The plan’s intent is slow the pace of gentrification and transition the neighborhood more slowly than the open market would.

He said the approach uses a redevelopment authority model, which has been used in major cities, that tamps down costs by doing land aggregation, permitting and infrastructure “at a wholesale level.”

Jones points out that building homes on empty land will increase tax revenue, which can also help pay for parts of the plan.

Latest strides

SOS got started on an action plan using grant funds. It had a professional planner put together a conceptual plan, ordered independent assessments for all Smithville property, and it’s held small-group informational sessions for residents.

Smithville residents and advocates of SOS attended the May 9 public hearing on Mecklenburg County’s 2020 budget. Four of them spoke to commissioners and emphasized the importance of funneling funds to the northern part of the county

Jones pointed out, “Smithville is the oldest, intact African American neighborhood in North Mecklenburg.”

Coalition Board Member Lisa Mayhew Jones highlighted how the plan includes a goal to acquire and rehabilitate the Rosenwald School into a community center. She said nobody is forced to participate and the SOS has at least 70 percent of the residents’ support.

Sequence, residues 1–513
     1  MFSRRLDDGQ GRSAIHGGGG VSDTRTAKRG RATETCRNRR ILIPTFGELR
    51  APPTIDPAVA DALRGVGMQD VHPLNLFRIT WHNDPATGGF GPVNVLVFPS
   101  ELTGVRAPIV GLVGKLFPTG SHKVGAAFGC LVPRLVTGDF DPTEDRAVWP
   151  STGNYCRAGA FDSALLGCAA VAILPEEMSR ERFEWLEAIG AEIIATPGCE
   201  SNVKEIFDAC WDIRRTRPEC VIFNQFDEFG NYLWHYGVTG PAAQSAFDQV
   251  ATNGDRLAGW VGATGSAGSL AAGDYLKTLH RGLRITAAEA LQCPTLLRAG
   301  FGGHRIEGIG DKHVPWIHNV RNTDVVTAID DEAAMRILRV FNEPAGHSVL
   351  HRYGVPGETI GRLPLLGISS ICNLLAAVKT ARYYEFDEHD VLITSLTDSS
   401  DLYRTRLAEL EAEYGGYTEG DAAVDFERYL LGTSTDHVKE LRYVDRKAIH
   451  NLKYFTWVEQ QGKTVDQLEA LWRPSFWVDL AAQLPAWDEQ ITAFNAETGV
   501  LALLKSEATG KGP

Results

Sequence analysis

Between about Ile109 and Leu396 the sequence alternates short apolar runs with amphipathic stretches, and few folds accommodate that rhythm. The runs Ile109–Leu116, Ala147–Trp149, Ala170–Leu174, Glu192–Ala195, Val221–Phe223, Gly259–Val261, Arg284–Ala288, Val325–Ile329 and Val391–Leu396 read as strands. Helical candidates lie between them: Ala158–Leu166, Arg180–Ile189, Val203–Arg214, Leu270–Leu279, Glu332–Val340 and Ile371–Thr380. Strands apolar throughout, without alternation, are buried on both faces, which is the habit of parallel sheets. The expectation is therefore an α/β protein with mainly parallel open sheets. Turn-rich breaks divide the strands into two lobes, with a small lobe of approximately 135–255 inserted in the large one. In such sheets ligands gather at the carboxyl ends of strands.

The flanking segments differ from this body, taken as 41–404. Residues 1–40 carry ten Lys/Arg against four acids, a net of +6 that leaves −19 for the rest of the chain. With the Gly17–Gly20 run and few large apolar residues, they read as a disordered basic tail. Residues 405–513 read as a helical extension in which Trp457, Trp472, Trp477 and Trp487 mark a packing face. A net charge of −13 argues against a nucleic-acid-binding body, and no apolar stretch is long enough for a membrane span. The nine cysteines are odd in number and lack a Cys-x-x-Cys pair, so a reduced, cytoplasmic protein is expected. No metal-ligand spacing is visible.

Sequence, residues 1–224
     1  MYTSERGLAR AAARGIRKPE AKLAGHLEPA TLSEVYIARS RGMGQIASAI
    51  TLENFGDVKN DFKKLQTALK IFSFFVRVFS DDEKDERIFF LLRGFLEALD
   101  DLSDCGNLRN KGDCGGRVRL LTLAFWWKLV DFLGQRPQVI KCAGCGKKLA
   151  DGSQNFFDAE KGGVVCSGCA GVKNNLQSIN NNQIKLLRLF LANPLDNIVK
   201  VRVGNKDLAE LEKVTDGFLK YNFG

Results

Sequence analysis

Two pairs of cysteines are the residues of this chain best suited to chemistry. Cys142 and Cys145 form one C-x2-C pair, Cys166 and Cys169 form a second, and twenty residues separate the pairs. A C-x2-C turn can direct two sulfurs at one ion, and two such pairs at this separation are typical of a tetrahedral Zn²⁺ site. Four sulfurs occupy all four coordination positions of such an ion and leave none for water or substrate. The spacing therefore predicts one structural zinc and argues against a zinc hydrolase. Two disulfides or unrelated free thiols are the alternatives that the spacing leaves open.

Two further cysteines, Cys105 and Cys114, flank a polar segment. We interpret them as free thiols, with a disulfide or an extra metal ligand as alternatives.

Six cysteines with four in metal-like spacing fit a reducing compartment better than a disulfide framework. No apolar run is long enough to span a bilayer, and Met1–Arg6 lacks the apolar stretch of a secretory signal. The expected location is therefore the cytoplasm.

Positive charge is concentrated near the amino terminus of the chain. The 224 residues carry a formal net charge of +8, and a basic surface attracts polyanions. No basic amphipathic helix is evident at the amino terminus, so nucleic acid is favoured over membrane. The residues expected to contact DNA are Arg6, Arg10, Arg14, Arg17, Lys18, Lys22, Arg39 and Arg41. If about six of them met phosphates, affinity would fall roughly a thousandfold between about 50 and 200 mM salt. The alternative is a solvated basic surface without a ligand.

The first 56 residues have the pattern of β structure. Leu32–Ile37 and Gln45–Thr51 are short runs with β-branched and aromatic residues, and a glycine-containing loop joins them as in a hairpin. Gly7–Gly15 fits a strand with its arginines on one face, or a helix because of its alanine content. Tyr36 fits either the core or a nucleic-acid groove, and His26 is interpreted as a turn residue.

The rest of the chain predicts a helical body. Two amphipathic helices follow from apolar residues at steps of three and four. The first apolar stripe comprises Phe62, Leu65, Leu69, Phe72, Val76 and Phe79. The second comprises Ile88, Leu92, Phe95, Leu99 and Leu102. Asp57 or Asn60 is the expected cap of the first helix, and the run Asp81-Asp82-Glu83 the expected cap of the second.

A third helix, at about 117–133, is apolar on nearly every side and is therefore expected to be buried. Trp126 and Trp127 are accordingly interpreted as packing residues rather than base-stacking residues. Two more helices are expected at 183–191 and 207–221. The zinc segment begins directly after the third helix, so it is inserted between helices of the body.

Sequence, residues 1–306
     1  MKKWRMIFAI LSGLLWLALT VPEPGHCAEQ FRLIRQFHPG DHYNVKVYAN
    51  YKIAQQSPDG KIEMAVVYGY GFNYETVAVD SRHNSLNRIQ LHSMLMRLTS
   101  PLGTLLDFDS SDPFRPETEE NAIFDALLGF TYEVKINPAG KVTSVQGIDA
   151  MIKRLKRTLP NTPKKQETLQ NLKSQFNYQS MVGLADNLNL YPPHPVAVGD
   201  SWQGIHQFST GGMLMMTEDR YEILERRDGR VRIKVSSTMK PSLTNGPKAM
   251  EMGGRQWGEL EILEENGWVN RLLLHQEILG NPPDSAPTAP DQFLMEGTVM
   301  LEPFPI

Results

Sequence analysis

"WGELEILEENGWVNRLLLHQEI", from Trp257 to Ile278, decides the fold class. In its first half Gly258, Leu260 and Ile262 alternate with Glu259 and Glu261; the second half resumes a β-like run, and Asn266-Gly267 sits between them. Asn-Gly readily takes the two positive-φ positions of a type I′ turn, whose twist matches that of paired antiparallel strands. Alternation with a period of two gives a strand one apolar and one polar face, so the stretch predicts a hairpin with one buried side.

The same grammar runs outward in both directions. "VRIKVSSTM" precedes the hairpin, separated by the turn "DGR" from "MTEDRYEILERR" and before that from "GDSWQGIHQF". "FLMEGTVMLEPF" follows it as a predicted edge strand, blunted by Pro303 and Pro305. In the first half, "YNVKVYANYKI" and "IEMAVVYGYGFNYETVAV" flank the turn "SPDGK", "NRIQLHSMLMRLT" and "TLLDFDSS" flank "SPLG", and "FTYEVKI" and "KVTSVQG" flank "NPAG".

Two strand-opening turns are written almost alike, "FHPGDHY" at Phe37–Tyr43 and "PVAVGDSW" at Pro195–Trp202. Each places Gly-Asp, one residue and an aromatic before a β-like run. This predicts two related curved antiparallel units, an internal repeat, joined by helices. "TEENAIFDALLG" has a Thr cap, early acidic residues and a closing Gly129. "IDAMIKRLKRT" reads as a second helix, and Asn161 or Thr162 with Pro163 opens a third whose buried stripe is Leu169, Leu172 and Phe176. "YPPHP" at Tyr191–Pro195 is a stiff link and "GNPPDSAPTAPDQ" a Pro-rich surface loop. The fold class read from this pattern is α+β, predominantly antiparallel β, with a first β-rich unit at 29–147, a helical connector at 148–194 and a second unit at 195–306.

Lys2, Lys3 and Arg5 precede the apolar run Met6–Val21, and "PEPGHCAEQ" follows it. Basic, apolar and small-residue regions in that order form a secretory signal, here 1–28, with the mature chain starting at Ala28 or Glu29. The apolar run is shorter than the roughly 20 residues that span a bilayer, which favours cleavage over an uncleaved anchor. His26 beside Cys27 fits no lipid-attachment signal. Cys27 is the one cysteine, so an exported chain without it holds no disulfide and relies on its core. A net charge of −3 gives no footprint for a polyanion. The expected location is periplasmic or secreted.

Cornelius Commissioner Denis Bilodeau said he supports the Smithville plan, and the residents need the county’s help. He suggested it would be a “feather in the county’s cap” to assist with a solution.

“Smithville is very important to Cornelius, and I don’t want to see it go away,” Bilodeau said.

In some cases, ownership of the properties settled to multiple heirs, making sales more challenging. Jones said the coalition will soon offer a “family tree” service to residents in the primary Smithville redevelopment area. The coalition has secured a pro-bono attorney and title company, as well as interns from Davidson College and volunteers to help the interns.

That group will work with residents who have heir properties to locate all the relevant property owners. Some cases involve one missing heir, while others include many.

Next steps, said Jones, are to talk with the Town of Cornelius about a land-use plan, continue talking with residents and begin some surveying.

He said, “Ultimately, it’s about the quality of life and the ability to have a diverse neighborhood.”